G’day Finn, good working of the numbers, here’s some more, solar power, is 1/200th of the price it was in the 1970’s, so in 2030, if the trend continues, the Swanson graph, Tony Seba’s Clean Disruption. Then it’ll be an eighth of the current price per kWh, per hectare, if we use solar power, for 1/20th of our power. If 1/4 of our deserts can produce 1,250 times as much power in total as we currently consume, then that’s 25,000 times as much as we currently produce.

    Like the Pilbara solar farm, for export to Indonesia, via high voltage direct current power cable, currently envisaged at $20 billion, 20 GW or so, why so much more power from solar than now. For starters, we have Continent sized desert, then we have a very small population, for a continent, only 25 million, whereas, India has a population of a billion, with 1/10th of the desert surface area. 400 times less desert solar potential, per capita, than the Australian figure, solar power production, has been growing at an exponential rate, always much more in the long term, than predicted.

    Think of oil drilling in the 1915-25 period, high speed railways in China in the last dozen years, the expansion of unconventional hydrocarbons in the United States. Liquid natural gas production in the last 15 years, China has a million workers in solar power production already, there are millions of electric vehicles, the total vehicle population in the world, will be largely replaced, with electric vehicles and doubled, in the next decade or so. Hydrogen is only 30% more expensive than natural gas, per kWh and its major input cost, is electricity, it makes an excellent aviation fuel, as liquid hydrogen, tremendous kWh per tonne.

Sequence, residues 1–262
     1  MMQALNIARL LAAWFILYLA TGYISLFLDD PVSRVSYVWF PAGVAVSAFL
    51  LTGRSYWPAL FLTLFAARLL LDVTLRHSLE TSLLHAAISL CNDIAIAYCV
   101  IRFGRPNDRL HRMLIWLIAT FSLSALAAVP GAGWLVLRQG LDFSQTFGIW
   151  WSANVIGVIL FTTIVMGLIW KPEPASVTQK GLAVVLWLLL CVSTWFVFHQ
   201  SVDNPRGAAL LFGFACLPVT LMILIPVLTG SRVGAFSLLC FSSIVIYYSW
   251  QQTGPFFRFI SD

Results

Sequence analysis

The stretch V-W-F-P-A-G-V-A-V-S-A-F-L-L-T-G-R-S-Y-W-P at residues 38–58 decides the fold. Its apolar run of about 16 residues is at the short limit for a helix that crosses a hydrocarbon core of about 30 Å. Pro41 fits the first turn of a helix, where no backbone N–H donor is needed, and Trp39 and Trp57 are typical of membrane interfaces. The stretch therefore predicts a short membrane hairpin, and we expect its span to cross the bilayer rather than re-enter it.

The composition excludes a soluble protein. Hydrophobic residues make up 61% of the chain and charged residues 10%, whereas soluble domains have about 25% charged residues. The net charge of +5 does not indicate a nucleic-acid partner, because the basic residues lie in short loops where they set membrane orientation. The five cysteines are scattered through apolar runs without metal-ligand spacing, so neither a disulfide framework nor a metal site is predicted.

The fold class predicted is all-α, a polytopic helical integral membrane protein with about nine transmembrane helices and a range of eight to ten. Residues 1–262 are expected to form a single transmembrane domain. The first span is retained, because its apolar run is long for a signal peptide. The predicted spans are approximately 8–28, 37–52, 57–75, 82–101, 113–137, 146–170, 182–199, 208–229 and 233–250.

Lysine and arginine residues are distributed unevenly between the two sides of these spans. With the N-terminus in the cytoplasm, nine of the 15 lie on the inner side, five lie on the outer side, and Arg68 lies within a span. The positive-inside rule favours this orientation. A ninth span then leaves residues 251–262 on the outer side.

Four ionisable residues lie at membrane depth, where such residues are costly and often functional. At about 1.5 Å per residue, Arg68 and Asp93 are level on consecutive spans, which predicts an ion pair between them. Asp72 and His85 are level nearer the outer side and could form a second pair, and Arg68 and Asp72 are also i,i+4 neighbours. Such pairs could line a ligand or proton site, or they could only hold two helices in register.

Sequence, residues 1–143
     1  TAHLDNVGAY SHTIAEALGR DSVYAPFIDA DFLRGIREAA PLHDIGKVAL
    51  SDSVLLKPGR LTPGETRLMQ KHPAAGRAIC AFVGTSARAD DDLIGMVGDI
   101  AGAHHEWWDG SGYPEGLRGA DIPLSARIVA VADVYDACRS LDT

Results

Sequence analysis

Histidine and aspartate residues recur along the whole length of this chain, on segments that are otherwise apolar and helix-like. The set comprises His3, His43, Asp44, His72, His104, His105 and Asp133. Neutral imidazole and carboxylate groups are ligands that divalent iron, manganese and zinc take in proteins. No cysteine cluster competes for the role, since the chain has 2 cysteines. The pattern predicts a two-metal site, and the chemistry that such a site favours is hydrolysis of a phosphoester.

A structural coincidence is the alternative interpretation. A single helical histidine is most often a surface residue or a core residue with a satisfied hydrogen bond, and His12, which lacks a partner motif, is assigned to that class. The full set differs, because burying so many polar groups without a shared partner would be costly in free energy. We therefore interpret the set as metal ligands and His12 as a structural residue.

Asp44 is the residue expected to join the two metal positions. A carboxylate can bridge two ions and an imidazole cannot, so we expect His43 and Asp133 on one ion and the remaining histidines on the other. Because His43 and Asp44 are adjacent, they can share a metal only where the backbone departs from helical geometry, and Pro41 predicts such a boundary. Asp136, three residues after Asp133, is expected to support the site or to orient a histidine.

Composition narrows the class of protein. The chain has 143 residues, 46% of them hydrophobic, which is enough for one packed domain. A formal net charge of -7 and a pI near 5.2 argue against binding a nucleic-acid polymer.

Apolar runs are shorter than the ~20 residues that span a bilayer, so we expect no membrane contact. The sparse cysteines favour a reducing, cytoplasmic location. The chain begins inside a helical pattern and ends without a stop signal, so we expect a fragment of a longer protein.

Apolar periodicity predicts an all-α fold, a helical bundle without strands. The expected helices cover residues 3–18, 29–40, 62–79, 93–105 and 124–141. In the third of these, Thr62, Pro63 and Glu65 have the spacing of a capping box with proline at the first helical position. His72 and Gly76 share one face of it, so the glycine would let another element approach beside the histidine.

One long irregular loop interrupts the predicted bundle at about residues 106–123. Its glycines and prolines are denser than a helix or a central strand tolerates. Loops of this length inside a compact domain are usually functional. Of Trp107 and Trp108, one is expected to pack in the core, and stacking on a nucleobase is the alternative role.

With China, expanding high speed railways, in the world, via Belt Road, huge capital formation, through cheap solar, cheaper transportation through electric vehicles, high speed railways, liquid hydrogen aviation. Cheaper food, from high rise agriculture, disposable income will increase, taxation revenues will also increase. Rough figures 100 trillion dollars in energy, 100 trillion dollars in transportation, 100 trillion dollars in high rise agriculture, a multiplier effect, in the rest of the economy, of 700 trillion dollars. That’s a quadrillion dollars in the next decade, enough for a lot of 3D printed buildings, LH2 aircraft, high speed railways, electric vehicles.

    We’ll see ground scrapers, for high rise agriculture, like the new apple building, hundreds of thousands of them, the capital, will allow a Himalayas tunnel bridge line, Bearing Straits bridge tunnel. A progression, from the likes of the Gothard Swiss Alps tunnel and the Anglo French Chunnel, as we reach market saturation in the 2030’s, at 25 times our current consumption of energy. A Grand Depression will set in, necessitating the introduction of the basic minimum income, like the introduction of the unemployment benefit, in the 1930’s. As well as public works programs, for instance ultra high speed railways, vacuum tunnel magnetic levitation railway tunnel networks, in China and the Belt Road.